Wednesday, December 18, 2013
Rosie the Riveter was not just one woman. She was Geraldine Doyle, who found work as a metal presser in the American Broach & Machine Co. of Ann Arbor, Mich. She was Rose Will Monroe, a Ford employee who built B-24 and B-29 bombers at the Willow Run Assembly Plant near Ypsilanti, Mich. She was Rosalind P. Walter, from Long Island, who worked as a riveter on the night shift on a Corsair fighter airplane and who inspired the 1942 hit song "Rosie the Riveter."
The fact that "Rosie" wasn't any one individual is true on two levels. Many women in World War II-era America embodied the "Rosie" icon, in that thousands upon thousands of women took up traditionally masculine, down-and-dirty jobs in the factories and shipyards.
Even the icon herself, however, was not a representation of a single character. "Rosie the Riveter," as we know her now, is a fusion of cultural fragments, some real, some fictional.
J. Howard Miller painted classic image of the woman who looks with cat eyes at the viewer, flexing a rugged muscle and flaunting a sharp cheekbone, the poster girl (to put it quite literally) for the slogan "We Can Do It!"
Norman Rockwell was the creative mind behind another of these fragments, perhaps less well known than Miller's, but one that deserves the same iconic status.
Rockwell's Rosie, whose name we know from the lunchbox where her elbow rests indifferently, sits on a stump during her sandwich break, riveter in her lap, factory goggles pushed up on her forehead.
Rockwell used a woman by the name of Mary Doyle Keefe as his model for this Rosie, who appeared on the cover of The Saturday Evening Post in 1943.
It is presumed that the basic composition of the painting, that is, the naming of the woman Rosie and the riveter in her lap, is a reference to the popular song of the time "Rosie the Riveter," the lyrics of which celebrate the female factory workers of the war effort.
Rosie's muscular physique, dirty face and her worn overalls suggest that she is comfortable working in a factory, traditionally a man's job, to support the United States war effort. She looks strong and confident, a far cry from a dainty "dame."
The patriotic symbolism in the painting is abundant. In fact, it is hard to miss. Besides "Old Glory" waving in the background, Rosie sports several patriotic buttons and pins on her chest, including a "V" for victory.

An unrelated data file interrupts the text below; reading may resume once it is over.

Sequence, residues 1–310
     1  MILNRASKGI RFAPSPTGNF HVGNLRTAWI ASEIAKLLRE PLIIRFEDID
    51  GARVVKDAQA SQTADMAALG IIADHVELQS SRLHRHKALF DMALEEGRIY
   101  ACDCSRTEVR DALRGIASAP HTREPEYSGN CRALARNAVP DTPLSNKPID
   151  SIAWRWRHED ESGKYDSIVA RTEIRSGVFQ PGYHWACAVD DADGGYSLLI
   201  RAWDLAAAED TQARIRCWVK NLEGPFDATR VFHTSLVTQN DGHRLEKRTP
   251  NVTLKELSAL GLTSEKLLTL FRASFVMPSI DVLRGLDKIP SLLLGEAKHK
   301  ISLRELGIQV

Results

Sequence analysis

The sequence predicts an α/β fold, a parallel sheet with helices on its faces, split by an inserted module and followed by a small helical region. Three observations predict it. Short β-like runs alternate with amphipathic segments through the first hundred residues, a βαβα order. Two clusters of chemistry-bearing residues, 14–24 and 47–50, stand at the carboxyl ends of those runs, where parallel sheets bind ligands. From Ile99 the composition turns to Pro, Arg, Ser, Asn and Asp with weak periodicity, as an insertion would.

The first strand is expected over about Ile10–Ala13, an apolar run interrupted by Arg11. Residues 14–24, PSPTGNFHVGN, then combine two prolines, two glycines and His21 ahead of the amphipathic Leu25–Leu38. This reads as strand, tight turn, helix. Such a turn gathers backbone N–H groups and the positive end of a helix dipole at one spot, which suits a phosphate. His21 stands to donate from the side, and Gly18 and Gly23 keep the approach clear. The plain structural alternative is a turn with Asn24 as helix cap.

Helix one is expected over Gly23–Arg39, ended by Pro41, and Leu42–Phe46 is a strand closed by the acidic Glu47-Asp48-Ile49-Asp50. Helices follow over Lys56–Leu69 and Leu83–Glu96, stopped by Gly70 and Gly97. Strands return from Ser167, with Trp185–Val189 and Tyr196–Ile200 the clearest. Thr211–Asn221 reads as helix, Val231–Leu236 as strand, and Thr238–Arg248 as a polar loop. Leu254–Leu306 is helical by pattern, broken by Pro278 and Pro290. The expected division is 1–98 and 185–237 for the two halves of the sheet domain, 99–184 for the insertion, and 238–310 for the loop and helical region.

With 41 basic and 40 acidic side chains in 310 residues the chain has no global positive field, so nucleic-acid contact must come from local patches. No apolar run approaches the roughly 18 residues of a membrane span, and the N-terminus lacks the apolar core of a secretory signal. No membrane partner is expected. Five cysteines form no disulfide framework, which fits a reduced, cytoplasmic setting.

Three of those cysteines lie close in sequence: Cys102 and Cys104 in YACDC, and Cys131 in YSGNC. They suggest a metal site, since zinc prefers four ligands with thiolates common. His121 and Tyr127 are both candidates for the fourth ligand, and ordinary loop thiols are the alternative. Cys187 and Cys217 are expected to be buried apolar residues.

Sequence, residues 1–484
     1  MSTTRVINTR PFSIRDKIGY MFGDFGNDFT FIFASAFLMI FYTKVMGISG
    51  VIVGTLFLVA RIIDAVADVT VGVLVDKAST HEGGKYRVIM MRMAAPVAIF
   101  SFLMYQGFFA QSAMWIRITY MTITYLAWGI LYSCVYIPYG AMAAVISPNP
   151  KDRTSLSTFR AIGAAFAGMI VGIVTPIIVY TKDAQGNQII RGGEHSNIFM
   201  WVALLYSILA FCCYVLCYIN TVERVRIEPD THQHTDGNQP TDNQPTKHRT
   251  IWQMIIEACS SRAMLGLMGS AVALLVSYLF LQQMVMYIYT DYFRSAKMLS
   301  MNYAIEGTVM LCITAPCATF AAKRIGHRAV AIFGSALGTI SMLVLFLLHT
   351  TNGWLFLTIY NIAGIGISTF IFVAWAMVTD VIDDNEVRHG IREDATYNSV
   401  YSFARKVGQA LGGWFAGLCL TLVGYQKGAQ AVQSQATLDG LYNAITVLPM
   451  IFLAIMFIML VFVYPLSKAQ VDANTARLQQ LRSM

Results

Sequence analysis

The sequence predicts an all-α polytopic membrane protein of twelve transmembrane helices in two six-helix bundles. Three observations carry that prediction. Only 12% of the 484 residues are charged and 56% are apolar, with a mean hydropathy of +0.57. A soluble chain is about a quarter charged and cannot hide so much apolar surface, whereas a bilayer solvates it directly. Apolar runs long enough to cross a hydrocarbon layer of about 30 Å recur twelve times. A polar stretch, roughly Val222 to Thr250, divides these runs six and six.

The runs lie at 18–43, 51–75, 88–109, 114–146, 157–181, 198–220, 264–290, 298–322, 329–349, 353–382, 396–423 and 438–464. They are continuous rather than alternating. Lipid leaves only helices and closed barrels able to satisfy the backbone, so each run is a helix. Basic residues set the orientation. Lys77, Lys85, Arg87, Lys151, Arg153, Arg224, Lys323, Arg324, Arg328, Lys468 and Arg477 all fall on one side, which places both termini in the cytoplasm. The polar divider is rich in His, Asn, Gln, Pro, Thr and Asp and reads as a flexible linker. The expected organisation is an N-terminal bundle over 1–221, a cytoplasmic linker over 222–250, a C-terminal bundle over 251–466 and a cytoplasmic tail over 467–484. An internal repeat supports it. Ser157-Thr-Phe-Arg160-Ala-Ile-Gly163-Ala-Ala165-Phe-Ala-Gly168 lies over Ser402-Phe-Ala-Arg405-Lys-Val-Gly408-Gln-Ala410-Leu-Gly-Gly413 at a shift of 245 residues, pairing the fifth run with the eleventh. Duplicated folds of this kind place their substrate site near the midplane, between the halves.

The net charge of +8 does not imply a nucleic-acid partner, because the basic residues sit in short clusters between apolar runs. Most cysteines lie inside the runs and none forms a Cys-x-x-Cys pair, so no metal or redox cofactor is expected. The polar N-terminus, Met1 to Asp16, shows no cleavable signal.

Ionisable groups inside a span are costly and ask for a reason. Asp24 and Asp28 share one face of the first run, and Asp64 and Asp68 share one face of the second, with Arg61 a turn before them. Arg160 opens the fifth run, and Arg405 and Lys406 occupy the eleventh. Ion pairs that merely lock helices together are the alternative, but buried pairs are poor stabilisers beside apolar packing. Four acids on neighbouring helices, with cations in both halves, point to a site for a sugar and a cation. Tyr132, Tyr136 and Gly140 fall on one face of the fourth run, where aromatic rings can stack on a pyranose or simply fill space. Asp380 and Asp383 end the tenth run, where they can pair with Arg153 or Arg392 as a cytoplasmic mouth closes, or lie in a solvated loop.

Many scholars have noticed the image's resemblance to Michelangelo's "Prophet Isaiah," as painted on the Sistine Chapel. So what was Rosie a prophet of? She does convey a sense of superiority in Rockwell's painting. What or who is she superior to, and what higher power does she have the privilege to communicate with?
In the Bible, God tasked Isaiah with converting sinners to saints and trampling on evil, just as Rosie does to Hitler's ideology. The resemblance to Isaiah, complete with a halo above her head, suggests that she is fighting for God's cause -- to defeat the original Axis of Evil -- and to preserve the American Way. With the rivet gun, a symbol of America's industrial dominance, in her lap and with her foot literally crushing a copy of Adolf Hitler's "Mein Kampf," Rosie shows a uniquely American spirit, an unequaled strength and an indignation to Hitler and his Nazis for trying to crush the American Way.
She is 100 percent American patriot and she is not to be messed with.
It is not entirely absurd to consider the painting a token of feminism. If Rockwell's Rosie is a prophet, it seems she must be communicating with the feminist movement in its current and future stages.
If this is so, this Rosie is a prescient figure representing the progress of gender equality that had yet to appear. It is as if she is not just confident about, but actually knows, what kind of progress women will make in her country.
After all, today's women are accepted in the American workforce, although even at this point in history, many would say feminism has a long way to go. Some may even argue that there will always be progress to make in the feminist movement -- that absolute gender equality will never exist, but that it is worth it to keep striving for.
This outlook makes Rockwell's painting utterly timeless and an undying symbol for America that is important in a historical context as well as to generations of empowered women.
Essay by Amanda Buel, http://rosietheriveter wecandoit.com. Reprinted with permission.